The dream was vivid and powerful when it came, staying with me even now as I describe it to you. I stood in an oak forest, the trees immense and old. The daylight came to me through bare branches, a blue-green hue as dark heavy storm clouds amassed overhead. I was alone and the wind whipped the coat tails around my calves as I stood wondering where to find shelter. A few rain drops soon became a torrent. I ran still searching for safety, even just a small space to be covered and dry before the death of cold took me down. My eye caught the corners of a roof structure almost hidden by thatch and moss.

I changed course and made for the shelter, arriving just before the full onslaught of the storm. As my hand reached for the door, it opened inward. I gasped with cold, fear, surprise when a man with dark russet hair and beard and piercing green eyes stood in the doorway looking at me. “I believe you are here for me”, he said.

Sometimes in dreams, the rational mind steps in like a narrator and it said to me, “That can’t be true since you don’t really know this man and after all this is a dream” . But the rest of me, my heart, my gut, my feelings, my irrational, unworldly self said it was true. I stepped into the small space, into the dark, found a lantern and matches then stood warming my hands over scarce heat when the wick finally caught fire. “I will stay”, I said. I will be here with you until the storm blows over. Then you may decide when it’s time to leave this place. And if you need, I can show you the way out of the forest and on to the big water. If you want .”

I turned to face him squarely and he stepped forward. I thought he meant to speak, but instead he kept moving toward me. I was not alarmed when he came close enough that I felt his breathe on my face and his eyes held mine. Then he stepped into me and disappeared.

I woke in a start taking a great gulp of air as if I’d been holding my breath. His face stayed in my minds eye and I could still hear the rain pelting the roof in a dull thud, a drum calling up my memory of the long shadows cast by the lantern, the earthen smell of the room, his close presence and my primal response to him. Why did he not light the lamp? Why he was holed up in dark and cold? Why did he think I was there for him, then disappear inside of me? Why was he there?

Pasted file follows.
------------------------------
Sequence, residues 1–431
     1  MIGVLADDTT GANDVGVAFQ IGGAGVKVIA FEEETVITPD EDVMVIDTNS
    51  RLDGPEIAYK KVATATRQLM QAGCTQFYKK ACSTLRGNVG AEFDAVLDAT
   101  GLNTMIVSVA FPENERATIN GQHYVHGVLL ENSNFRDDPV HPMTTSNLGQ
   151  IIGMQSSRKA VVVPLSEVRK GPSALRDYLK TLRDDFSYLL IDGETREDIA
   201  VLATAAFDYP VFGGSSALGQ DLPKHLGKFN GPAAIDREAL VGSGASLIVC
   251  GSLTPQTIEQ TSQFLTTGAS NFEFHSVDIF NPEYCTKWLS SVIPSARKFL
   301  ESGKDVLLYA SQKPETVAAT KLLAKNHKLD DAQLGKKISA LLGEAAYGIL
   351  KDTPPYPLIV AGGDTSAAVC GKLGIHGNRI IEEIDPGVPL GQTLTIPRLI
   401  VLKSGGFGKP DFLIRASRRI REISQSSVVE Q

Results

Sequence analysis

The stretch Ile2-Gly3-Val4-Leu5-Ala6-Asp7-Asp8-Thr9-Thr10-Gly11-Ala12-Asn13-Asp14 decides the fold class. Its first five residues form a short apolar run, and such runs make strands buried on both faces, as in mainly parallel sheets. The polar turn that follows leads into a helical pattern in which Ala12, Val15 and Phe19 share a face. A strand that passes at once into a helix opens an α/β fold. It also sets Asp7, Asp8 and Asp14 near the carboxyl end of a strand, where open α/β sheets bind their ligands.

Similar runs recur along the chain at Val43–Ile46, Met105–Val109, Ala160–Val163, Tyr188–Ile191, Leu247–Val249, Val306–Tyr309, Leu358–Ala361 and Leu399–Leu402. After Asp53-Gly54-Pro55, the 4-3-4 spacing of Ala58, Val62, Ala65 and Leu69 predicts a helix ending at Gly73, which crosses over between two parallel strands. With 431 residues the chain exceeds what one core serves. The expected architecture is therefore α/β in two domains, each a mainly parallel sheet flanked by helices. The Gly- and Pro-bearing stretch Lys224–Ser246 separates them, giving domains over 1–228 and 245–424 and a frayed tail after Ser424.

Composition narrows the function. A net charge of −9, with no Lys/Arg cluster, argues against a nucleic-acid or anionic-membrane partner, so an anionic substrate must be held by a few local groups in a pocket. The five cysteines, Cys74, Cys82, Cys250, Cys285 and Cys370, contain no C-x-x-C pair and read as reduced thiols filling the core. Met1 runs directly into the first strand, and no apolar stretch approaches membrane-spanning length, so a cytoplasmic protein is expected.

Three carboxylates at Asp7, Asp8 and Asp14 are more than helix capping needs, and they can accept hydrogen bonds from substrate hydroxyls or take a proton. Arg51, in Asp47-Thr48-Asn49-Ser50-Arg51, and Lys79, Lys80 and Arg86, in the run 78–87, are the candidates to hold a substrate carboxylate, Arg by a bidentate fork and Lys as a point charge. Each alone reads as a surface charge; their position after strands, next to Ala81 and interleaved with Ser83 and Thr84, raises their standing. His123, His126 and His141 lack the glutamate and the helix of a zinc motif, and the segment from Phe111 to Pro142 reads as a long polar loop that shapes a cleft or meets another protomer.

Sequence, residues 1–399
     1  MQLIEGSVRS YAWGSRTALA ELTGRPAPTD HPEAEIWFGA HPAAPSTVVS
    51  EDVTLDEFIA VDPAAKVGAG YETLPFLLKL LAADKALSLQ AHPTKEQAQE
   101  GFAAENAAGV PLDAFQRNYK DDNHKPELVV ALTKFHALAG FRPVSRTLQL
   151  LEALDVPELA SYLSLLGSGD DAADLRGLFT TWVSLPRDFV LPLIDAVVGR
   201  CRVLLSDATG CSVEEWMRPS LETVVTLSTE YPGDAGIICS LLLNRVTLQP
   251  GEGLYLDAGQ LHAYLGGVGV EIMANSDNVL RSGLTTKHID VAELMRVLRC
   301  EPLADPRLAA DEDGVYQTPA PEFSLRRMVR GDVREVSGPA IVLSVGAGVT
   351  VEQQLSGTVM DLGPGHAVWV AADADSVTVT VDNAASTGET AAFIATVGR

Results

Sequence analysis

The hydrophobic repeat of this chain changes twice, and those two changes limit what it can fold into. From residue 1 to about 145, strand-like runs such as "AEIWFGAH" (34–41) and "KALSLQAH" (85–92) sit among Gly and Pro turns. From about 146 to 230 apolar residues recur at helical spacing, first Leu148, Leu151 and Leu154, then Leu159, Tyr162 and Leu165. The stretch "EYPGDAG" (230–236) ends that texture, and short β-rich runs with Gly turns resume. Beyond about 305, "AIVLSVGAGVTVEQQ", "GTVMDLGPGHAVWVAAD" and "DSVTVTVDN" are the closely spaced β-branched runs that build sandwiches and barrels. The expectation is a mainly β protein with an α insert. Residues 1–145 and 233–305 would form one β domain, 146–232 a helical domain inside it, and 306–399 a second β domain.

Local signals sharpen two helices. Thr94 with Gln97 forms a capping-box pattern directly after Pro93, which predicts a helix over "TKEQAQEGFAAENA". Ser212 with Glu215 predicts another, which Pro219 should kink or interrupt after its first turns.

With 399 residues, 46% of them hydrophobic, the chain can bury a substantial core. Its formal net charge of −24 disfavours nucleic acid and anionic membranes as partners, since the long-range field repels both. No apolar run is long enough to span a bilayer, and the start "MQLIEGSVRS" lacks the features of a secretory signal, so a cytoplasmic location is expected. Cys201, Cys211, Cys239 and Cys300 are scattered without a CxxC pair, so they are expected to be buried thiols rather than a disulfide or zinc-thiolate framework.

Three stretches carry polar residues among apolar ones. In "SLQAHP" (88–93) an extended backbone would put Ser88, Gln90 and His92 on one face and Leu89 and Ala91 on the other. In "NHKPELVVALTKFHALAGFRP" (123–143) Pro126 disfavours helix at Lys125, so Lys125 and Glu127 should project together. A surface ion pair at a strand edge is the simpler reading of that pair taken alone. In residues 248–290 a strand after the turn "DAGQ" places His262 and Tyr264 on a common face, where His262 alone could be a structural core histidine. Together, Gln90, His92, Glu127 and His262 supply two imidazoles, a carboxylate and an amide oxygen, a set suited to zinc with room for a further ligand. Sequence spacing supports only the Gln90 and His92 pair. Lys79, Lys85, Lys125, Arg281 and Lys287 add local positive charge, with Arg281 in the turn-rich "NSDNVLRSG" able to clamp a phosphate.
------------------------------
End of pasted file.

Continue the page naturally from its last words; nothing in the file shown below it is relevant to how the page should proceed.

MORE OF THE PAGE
Years have passed since the dream and each day, still, I feel him. I no longer wonder about the dream’s ending because it was not ending but beginning. He remains with me like something lost and found, hidden yet visible, longing to be known, a reminder.

Internationally Acclaimed Georgia Writer Terry Kay

Internationally Acclaimed Georgia Writer Terry Kay 

at The Bowers House

In April the Bowers House Literary Center in Canon, Georgia, and the University of Georgia’s award-winning journal The Georgia Review welcomed writer Terry Kay at the Bowers House.

terry-kay1Terry Kay, a Hart County native who currently makes his home in Athens, is the author of some fifteen books—among them eleven novels, a collection of essays, a children’s book, and a recently released volume of short stories, The Greats of Cuttercane.

Three of Kay’s novels have been produced as Hallmark Hall of Fame movies: The RunawayThe Valley of Light, and his best-known work To Dance with the White Dog—the last of these starring the famous acting couple of Hume Cronin and Jessica Tandy.

Readers around the world can find Kay’s books translated into more than twenty languages; most notably, To Dance with the White Dog has sold some two million copies in Japan.

After Kay’s reading in the house’s spacious living room/parlor, Georgia Review editor Stephen Corey moderated a conversation between Kay and the audience. A reception followed, during which attendees enjoyed refreshments while walking the grounds or sitting on the first- and second-floor wraparound porches.

The Georgia Review, published quarterly at the University of Georgia since 1947, features short stories, poems, general-interest essays, reviews, and visual art by the famous and the newly discovered. Winner of National Magazine Awards in both the fiction and the essay category, and a recipient of the Georgia Governor’s Award in the Arts, the Review has a long tradition of sponsoring and cosponsoring reading events in the Athens area. For more information, go or call 706-542-3481.